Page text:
Patients enrolled in the program receive a daily symptom survey through a patient portal based on our analysis of common symptoms leading to acute-care visits. These include pain, fatigue or reduced activity, difficulty eating or drinking, nausea, vomiting, constipation, diarrhea, dehydration, anxiety, and depression. The system alerts the care team when a patient reports mild/moderate symptoms (a “yellow alert”) or severe symptoms (a “red alert”), with red alerts requiring an immediate response. Prior work at MSK found that managing symptoms proactively in patients receiving chemotherapy leads to a 30% enhancement in quality of life, 7% fewer ED visits, and, most significantly, a 5-month improvement in overall survival. The survival benefit is thought to flow from patients’ reduced symptoms; with those better controlled, patients can spend more time on treatment. There’s also a potential psychosocial component; when patients are activated and educated about their symptoms, they are more engaged in treatment and better able to cope with their symptoms, which leads to better outcomes.
3. Digital team-based care
A dedicated, centralized cohort-management team consisting of oncology registered nurses and nurse practitioners acts as an extension of the primary oncology team with whom they collaborate. Unlike the primary team, these clinicians engage with patients exclusively through the digital platform which includes a dashboard for monitoring high-risk patients and allows the nurses to track symptoms. Using an internal web-based application, the Darwin Symptom Tracker, the team can monitor symptom trends and how these relate to chemotherapy. They can then connect with patients 24/7 as needed by phone, through the patient portal or by tele-visit. If a patient needs to be physically seen, the team can determine the right setting for evaluation.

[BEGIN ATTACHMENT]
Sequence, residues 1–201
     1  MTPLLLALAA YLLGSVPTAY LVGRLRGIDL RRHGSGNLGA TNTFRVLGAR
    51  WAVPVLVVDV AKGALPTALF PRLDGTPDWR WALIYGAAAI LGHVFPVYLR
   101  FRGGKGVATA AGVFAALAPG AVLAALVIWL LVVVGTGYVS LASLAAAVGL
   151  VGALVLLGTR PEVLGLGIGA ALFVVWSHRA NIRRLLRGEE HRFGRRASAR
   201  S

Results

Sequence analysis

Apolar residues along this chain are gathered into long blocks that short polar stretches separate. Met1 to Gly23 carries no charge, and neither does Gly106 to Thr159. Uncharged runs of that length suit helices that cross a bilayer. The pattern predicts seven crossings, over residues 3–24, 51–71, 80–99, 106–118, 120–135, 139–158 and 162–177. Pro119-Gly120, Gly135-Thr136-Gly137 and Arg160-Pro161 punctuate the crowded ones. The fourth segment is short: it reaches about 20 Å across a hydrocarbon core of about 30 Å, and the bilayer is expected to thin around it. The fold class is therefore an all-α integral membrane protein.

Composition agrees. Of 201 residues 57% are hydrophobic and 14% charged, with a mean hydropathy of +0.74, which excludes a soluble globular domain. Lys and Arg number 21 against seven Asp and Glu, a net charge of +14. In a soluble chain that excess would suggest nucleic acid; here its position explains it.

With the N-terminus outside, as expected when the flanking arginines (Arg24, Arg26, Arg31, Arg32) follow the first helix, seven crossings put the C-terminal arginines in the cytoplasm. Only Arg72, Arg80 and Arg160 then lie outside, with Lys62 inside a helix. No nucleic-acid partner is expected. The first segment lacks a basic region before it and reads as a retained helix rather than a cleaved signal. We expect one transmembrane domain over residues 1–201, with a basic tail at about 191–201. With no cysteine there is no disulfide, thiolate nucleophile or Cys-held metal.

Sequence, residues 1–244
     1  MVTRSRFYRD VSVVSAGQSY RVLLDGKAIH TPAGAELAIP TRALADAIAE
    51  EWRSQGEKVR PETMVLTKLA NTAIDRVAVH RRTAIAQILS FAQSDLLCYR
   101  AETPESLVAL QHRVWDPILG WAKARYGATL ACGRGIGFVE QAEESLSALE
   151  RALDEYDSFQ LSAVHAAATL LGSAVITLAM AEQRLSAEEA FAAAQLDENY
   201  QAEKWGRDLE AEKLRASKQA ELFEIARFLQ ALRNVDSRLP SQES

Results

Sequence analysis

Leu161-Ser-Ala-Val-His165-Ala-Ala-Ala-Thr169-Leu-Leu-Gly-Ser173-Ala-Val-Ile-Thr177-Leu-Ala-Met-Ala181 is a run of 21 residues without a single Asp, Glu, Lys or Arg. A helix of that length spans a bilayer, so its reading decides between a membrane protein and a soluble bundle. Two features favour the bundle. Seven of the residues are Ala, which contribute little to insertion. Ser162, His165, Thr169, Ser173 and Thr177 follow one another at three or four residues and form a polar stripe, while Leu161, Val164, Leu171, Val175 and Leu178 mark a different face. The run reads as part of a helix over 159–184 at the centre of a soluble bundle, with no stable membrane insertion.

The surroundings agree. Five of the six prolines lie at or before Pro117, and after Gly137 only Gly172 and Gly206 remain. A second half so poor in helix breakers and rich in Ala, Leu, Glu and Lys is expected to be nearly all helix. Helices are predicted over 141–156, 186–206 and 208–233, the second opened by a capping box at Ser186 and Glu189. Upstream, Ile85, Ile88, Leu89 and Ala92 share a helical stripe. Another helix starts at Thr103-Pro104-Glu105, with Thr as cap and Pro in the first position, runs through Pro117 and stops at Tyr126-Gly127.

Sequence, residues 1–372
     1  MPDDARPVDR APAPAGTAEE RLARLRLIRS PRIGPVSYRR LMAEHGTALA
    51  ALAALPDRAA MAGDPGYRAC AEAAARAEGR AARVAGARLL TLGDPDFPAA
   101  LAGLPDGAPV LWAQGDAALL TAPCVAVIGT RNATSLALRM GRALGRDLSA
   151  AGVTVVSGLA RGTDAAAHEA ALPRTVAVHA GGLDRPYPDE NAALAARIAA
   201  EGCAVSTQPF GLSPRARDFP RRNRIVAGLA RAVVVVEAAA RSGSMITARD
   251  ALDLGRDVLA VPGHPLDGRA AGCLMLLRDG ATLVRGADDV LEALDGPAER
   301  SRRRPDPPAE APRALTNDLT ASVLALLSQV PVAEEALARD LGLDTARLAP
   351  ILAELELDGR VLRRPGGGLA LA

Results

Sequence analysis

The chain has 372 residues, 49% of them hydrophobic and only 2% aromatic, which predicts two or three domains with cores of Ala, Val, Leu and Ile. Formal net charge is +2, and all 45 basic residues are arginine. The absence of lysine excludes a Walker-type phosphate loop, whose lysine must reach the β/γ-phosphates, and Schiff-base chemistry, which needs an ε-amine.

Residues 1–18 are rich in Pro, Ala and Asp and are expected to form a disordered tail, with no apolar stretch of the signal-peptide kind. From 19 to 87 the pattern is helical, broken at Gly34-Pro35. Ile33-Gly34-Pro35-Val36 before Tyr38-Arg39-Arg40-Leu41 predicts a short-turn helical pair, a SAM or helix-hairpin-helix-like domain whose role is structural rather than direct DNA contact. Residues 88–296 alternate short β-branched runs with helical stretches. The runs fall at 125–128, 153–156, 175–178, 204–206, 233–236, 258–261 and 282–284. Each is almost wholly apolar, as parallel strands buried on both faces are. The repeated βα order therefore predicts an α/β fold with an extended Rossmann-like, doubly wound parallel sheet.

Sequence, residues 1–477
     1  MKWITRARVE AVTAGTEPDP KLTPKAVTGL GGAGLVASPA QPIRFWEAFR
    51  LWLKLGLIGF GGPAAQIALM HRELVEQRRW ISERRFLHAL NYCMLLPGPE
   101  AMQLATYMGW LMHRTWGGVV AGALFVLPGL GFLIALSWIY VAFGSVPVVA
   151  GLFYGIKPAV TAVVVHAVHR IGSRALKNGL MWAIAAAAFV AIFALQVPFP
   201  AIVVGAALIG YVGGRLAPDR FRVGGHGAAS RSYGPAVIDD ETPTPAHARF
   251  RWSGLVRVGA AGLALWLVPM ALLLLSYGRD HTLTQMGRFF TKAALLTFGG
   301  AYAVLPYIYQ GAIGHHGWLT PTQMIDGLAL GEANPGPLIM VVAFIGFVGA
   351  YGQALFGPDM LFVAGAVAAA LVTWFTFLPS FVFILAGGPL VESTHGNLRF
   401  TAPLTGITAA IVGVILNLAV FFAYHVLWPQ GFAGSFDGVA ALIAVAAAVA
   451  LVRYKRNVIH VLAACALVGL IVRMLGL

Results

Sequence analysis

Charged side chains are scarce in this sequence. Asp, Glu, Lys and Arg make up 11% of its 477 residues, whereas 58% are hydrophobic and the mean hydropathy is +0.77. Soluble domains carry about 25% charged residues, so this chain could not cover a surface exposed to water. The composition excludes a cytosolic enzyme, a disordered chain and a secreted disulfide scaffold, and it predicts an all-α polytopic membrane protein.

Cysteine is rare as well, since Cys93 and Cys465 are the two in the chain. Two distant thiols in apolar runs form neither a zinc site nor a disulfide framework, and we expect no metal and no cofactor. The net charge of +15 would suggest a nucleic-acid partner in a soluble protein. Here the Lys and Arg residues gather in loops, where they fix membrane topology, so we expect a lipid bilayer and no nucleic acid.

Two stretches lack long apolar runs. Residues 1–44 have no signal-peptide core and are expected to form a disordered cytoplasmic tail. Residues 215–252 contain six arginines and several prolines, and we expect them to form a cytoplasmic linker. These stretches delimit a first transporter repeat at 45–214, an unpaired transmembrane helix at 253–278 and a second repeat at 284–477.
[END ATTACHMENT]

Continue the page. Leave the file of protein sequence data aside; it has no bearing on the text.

As of August, 106 patients have participated in the program since the pilot launched. On average, patients complete more than 50% of the daily symptom assessments. Over the course of the pilot, the most common symptom generating a red alert and requiring immediate follow-up was pain (64% of participating patients reported severe pain during their enrollment). Patient interviews show that they have valued the speedy response to problematic symptoms, the 24/7 access to clinicians, and the convenience of avoiding in-person visits.
The pilot was not designed to study the program’s impact on acute hospital visits, but the data suggest a positive effect: Just 14 of the 106 high-risk patients (13%) in the pilot cohort went to MSK for acute care compared to 32% of those high-risk patients not enrolled in the pilot.
Going forward we plan to enroll more patients in the program to confirm these findings and to improve the model. We’ll be focusing on several areas including fine-tuning the identification of patients who could benefit most from the Insight Care model; determining the optimal cadence for patient-symptom assessments; and optimizing the interventions based on these assessments. More broadly, we are working to make Insight Care a learning model that encourages iterative patient and provider feedback and improves as a result. This includes finding the best ways to communicate analysis of the symptom data we collect to both patients and providers. Patients can cope better with symptoms when they understand them, and providers can integrate symptom data with other clinical reports to improve their treatment plans.
A more proactive, connected cancer care system will ultimately benefit patients, providers and society at large as cancer-care quality and patient experience improve and costs fall. Our Insight Care program is a promising initiative on that path which we hope other providers can learn from. Everyone wins when patients with cancer can avoid the emergency room and do better as a result.
The authors would like to acknowledge the contributions to this manuscript of Diane Reidy Lagunes, MD; Brett A. Simon, MD, PhD; Rori Salvaggio, RN, NEA-BC; Gilad Kuperman, MD, PhD; Ophelia Chiu, MHA; Isaac Wagner, MS; Margarita Rozenshteyn; Melissa Zablocki, MPH and the entire InSight Care team.